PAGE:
;; Set the return key to autoindent
  (local-set-key "\C-m" 'reindent-then-newline-and-indent)
(add-hook 'c-mode-common-hook 'my-c-mode-common-hook)

Mattia Barbon suggests this:

(setq-default indent-tabs-mode nil)

(setq c-default-style
  '( ( c++-mode . "stroustrup" )
  ( c-mode . "stroustrup" ) )

Robin Dunn has this alternative:

(defun my-c-mode-common-hook ()
  (c-set-style "bsd")
  ;; configure vars for cc-mode based items
  (setq c-auto-newline nil
        c-tab-always-indent nil
        c-basic-offset 4
        c-comment-only-line-offset 0
        c-hanging-comment-ender-p nil
        c-hanging-comment-starter-p nil
        c-comment-continuation-stars "** "
        c-cleanup-list (list 'empty-defun-braces
        compilation-ask-about-save nil
        compilation-read-command t
        compilation-scroll-output t
        fill-column 78
        comment-column 40
        tab-width 8
        indent-tabs-mode nil

  (c-toggle-auto-hungry-state -1)
  (local-set-key "\C-m" 'newline-and-indent)
  (local-set-key "\C-cc" 'comment-region)
  (setq c-electric-pound-behavior '(alignleft))

(add-hook 'c-mode-common-hook 'my-c-mode-common-hook)

If you use vi(m), you can add the following line to your ~/.vimrc or ~/.exrc:

au BufReadPost */wxWidgets/*/*.cpp,*/wxWidgets/*/*.h set sw=4 ts=4 et cin

(et and cin don’t exist in plain vi)

Use 80 character lines

Please keep the line length under 80 characters.

Rationale: even with modern wide screen monitors, it is difficult to review side by side diffs for lines longer than that. Too long lines also often indicate some problem in the code, such as excessive nesting (in this case you should simplify the logic or refactor the function by extracting the inner parts in separate functions) or too complex expressions (in this case, simplify them by using named variables for the intermediate results).

Put opening curly bracket on its own line

Don’t leave { on the preceding line, always put it on its own line, e.g.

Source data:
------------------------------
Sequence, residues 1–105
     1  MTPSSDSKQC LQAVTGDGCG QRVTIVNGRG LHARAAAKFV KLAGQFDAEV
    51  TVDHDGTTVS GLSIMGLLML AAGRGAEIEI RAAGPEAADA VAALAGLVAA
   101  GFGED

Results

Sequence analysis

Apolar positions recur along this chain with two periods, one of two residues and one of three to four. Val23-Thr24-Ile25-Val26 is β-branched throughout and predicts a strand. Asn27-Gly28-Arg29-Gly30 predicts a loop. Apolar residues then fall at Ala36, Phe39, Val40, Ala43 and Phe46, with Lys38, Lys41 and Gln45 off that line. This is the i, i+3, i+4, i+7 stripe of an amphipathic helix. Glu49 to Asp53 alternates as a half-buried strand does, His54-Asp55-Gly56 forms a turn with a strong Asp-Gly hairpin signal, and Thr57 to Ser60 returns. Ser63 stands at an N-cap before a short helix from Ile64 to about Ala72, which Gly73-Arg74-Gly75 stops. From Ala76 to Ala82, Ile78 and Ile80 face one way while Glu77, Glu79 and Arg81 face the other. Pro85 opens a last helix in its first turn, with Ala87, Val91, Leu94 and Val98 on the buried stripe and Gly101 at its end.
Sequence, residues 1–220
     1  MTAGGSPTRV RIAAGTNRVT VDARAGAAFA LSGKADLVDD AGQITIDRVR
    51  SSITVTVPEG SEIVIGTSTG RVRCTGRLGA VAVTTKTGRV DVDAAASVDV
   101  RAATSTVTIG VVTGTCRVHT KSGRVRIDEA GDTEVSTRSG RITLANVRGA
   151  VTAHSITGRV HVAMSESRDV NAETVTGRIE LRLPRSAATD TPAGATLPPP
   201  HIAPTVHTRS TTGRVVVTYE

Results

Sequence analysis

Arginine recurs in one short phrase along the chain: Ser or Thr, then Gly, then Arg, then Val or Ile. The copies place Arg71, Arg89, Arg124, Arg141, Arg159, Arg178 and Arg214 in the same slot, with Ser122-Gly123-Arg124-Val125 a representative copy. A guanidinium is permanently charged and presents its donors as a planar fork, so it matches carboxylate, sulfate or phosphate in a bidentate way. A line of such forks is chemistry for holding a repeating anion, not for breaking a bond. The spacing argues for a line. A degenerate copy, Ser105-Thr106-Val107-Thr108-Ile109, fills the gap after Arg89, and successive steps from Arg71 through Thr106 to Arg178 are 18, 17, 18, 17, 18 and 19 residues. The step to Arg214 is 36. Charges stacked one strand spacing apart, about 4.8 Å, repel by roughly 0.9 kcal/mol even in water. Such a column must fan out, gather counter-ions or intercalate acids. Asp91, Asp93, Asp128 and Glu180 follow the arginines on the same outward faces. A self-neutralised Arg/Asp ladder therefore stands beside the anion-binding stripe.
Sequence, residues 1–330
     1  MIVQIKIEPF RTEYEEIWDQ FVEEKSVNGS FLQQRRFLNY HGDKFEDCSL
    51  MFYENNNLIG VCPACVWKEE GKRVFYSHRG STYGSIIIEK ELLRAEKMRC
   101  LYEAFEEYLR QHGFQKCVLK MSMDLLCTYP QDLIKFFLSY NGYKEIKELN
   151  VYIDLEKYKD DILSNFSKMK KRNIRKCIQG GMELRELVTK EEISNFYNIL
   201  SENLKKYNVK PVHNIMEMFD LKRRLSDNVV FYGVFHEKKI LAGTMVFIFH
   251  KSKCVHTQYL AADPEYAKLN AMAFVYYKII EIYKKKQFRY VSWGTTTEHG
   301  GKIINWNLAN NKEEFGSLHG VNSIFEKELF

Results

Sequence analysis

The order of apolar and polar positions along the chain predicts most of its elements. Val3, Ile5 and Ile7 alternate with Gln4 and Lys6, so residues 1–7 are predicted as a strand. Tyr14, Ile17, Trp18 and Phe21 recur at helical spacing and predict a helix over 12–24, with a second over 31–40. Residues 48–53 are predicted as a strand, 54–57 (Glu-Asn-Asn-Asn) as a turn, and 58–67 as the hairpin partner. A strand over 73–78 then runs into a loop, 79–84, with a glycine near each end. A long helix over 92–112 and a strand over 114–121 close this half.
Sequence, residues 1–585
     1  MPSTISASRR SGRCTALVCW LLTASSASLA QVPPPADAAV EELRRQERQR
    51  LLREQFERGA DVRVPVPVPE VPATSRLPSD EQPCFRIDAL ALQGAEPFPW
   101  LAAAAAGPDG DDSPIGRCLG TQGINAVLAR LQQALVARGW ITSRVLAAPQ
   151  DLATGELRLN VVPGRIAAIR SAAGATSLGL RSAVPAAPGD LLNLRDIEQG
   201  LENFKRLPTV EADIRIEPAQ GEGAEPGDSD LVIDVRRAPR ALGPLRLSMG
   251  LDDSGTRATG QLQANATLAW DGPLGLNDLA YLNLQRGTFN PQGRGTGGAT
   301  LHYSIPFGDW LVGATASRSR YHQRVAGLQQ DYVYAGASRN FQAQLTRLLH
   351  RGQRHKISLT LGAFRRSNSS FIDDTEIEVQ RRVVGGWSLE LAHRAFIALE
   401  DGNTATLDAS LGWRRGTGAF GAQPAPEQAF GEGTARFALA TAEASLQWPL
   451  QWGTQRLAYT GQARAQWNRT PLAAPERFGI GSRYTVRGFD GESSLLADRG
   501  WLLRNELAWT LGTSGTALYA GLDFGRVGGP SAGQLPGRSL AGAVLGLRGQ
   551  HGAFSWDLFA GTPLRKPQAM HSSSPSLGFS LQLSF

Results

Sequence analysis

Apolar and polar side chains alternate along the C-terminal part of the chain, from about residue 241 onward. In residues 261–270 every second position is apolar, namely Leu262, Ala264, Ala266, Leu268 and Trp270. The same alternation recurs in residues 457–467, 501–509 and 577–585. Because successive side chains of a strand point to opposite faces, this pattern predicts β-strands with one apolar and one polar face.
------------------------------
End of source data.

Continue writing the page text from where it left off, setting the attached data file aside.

if ( condition )

Use spaces with keywords

Use a space after a keyword such as if, for, while or switch and around the expression used by this keyword. Do not use spaces in these positions for the function calls but still use them to separate function arguments. For example:

for ( init; condition; loop )
    switch ( expression )
        case 0:
            CallSomeFunction(with, some, arguments);

Order of parts in a class declarations

By convention, please put the public parts of the class first, then protected, then private. The idea is to be able to quickly see the public API of a class without having to read through uninteresting implementation details in the public sections.

Also, please put all wxWidgets macros which must be used in the class declaration (such as wxDECLARE_EVENT_TABLE) at the end as, again, these are implementation details and shouldn’t get in the way of the person who is reading the file.

Use // for most comments

Use C++ style // comments for most of them, not only single line ones. Reserve C style /* ... */ comments only for high level, very long explanatory comments. When using C style comments do not use any intermediate asterisks to make the comments easier to reformat.

Please always put a space after the beginning of a C++ comment, e.g. use // Whatever instead of //Whatever.

Notice that wxWidgets does not use Doxygen style comments (/** ... */ or ///) in its sources, these comments are only used in the special interface headers from which the API documentation is generated.

Don’t use void for functions without arguments

In ANSI C, void Foo() takes an arbitrary number of arbitrarily typed arguments (although the form void Foo(...) is preferred) and void Foo(void) doesn’t take any arguments. In C++, however, the situation is different and both declarations are completely equivalent. As there is no need to write void in this situation, let’s not write it – it can only be confusing and create an impression that it really means something when it’s not at all the case.

Don’t use const for non pointer/reference arguments

In both C and C++ an argument passed by value cannot be modified – or, more precisely, if it is modified in the called function, only the local copy is really changed, not the caller’s variable. So, semantically speaking, there is no difference between void Foo(int) and void Foo(const int). However, the const keyword is confusing here, adds nothing to the code and even cannot be removed if Foo() is virtual and overridden (because the names are mangled differently). So, for arguments passed by value you shouldn’t use const.